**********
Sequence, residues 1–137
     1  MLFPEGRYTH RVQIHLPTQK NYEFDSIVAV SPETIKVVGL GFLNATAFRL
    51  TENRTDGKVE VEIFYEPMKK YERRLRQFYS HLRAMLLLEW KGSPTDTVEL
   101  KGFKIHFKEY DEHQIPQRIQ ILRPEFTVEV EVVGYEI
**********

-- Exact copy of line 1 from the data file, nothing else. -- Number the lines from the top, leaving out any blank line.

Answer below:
Sequence, residues 1–137